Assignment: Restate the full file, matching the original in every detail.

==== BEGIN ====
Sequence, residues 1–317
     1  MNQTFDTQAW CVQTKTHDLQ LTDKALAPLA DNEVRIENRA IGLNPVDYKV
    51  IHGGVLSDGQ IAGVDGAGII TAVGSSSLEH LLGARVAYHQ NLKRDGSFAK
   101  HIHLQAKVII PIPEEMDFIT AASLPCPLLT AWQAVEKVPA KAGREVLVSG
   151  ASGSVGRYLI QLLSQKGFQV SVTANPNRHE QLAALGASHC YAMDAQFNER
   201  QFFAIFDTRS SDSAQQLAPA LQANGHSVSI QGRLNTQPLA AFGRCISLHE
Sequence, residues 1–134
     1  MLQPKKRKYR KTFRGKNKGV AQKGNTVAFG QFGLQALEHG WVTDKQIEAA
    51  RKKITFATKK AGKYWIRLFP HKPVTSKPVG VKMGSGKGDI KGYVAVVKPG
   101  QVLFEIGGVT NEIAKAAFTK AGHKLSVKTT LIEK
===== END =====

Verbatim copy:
Sequence, residues 1–317
     1  MNQTFDTQAW CVQTKTHDLQ LTDKALAPLA DNEVRIENRA IGLNPVDYKV
    51  IHGGVLSDGQ IAGVDGAGII TAVGSSSLEH LLGARVAYHQ NLKRDGSFAK
   101  HIHLQAKVII PIPEEMDFIT AASLPCPLLT AWQAVEKVPA KAGREVLVSG
   151  ASGSVGRYLI QLLSQKGFQV SVTANPNRHE QLAALGASHC YAMDAQFNER
   201  QFFAIFDTRS SDSAQQLAPA LQANGHSVSI QGRLNTQPLA AFGRCISLHE
Sequence, residues 1–134
     1  MLQPKKRKYR KTFRGKNKGV AQKGNTVAFG QFGLQALEHG WVTDKQIEAA
    51  RKKITFATKK AGKYWIRLFP HKPVTSKPVG VKMGSGKGDI KGYVAVVKPG
   101  QVLFEIGGVT NEIAKAAFTK AGHKLSVKTT LIEK